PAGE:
Since the discovery of the Index case of the Coronavirus in Lagos state late February, 2020 and its spread to other neighbouring states in the southwest, the Quarantine Act, which has come in different slightly adjusted name in the region, has become the an instrument that governors of the affected states are wielding to legalize their executive order on restrictions put in place to fight the further spread of the novel virus in their domains.
Adapted from the Quarantine Act Cap 2 Law of the Federation of Nigeria, 2004, the legal instrument seeks to give a legal impetus to directives by governors on request for self-isolation, restriction of movements of goods and services, ban on public gatherings of persons, restriction of trade, business and commercial activities. However, the law also goes a step further. It prohibits the spread of disinformation and fake news about COVID 19 either on social media or through any other means. The prescription of six months imprisonment or payment of a fine was equally common to all the laws as passed by the concerned state governments. This aspect of the law could become a bone of contention very soon. This could not be divorced from the fact that it brings back the memory of the recent Social Media Bill under consideration by the national legislature.
It would be recalled that the Social Media Bill, officially named the Protection from Internet Manipulation Bill 2019, had scaled second reading stage at the Nigerian Senate in November, 2019. The bill is said to prohibit statements on social media considered “likely to be prejudicial to national security” and “those which may diminish public confidence” in Nigeria’s government. The proposed bill had also attracted condemnation from civil society and pro democracy groups in the country because it is widely believed that it would curb and criminalize any criticism against the government.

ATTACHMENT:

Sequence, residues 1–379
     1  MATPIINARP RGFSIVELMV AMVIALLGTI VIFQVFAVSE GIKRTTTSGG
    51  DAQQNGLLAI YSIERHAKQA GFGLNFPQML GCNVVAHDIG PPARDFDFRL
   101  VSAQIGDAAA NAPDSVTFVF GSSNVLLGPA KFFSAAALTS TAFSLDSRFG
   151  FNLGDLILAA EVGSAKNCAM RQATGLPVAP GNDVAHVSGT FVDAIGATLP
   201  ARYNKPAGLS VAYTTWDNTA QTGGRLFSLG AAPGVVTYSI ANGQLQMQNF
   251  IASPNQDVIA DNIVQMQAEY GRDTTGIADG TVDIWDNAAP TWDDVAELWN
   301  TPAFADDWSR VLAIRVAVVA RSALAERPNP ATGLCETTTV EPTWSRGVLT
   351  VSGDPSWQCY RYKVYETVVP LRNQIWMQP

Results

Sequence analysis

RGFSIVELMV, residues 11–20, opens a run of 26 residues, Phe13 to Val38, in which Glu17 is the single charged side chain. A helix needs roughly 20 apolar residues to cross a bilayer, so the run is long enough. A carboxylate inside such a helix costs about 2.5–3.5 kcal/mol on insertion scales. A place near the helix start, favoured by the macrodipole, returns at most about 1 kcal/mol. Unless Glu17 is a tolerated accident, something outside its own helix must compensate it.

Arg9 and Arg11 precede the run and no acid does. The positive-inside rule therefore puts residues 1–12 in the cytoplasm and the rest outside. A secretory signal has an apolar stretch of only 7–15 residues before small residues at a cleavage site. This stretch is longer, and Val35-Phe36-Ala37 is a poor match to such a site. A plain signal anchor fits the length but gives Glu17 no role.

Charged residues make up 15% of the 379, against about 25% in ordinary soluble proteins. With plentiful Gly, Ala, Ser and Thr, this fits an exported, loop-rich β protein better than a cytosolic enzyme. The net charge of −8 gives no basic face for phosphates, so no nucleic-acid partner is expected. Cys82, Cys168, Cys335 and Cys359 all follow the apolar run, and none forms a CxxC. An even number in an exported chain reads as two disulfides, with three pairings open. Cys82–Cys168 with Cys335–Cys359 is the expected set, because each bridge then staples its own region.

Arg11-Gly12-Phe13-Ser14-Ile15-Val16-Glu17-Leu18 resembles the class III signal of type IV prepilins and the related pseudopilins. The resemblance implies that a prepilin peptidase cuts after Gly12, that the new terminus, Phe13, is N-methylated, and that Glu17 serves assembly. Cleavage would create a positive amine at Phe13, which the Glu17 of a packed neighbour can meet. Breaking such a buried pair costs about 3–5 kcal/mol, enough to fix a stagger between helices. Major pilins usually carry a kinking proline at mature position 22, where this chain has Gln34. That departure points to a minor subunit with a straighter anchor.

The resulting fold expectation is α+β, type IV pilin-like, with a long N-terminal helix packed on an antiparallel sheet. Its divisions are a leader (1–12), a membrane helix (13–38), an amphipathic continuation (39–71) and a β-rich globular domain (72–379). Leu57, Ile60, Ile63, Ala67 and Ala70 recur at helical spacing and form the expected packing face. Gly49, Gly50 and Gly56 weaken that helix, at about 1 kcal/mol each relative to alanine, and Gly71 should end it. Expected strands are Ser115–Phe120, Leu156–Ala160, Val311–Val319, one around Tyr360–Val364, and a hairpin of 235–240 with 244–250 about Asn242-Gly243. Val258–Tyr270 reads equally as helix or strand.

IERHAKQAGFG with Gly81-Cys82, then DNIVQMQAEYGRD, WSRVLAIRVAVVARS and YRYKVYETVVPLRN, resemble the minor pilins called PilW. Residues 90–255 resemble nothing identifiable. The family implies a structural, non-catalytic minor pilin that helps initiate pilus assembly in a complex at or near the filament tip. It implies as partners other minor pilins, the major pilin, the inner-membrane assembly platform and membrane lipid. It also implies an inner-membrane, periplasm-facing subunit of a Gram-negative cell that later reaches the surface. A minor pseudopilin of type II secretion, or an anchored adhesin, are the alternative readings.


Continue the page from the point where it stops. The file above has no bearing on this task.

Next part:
Like the social media bill, the section on the prohibition of disinformation and fake news about the Coronavirus is addressing a very crucial issue in the fight against the virus. The deluge of fake news, misinformation and disinformation that has plagued the battle against the virus has been very problematic. The World Health Organization declared it as infodemic and expressed the fear that many victims might be recorded from the scourge of fake news than from the pandemic. However, there is a more important question that hits hard at the principles of democratic right to free speech whether on or offline. This is more so that Nigerians have come to see the social media platforms as a messiah in their quest for good governance.
In Osun, the new law has had its first victim when a man, Akinloye Saheed, was arraigned before an Osogbo Magistrate Court over his COVID 19 post on Facebook. Akinloye was arrested on 11 April, 2020 when he claimed in a Facebook post that the state government imported COVID 19 cases into the state to get funds from the Federal Government. The prosecutor alleged that his post, which contravenes the Osun COVID 19 Laws 2020, was made with the intent to incite the public. He has since been refused bail and clamped to jail by Magistrate Olusegun Ayilara. The case has been adjourned to 13 May, 2020.
As the fight against the novel virus rages on, the Quarantine Act is one of the legacies that would be left behind after the battle is long won. However, whether it aids and could strengthen the battle against fake news and health disinformation without infringing on the rights of the citizens, only time will tell.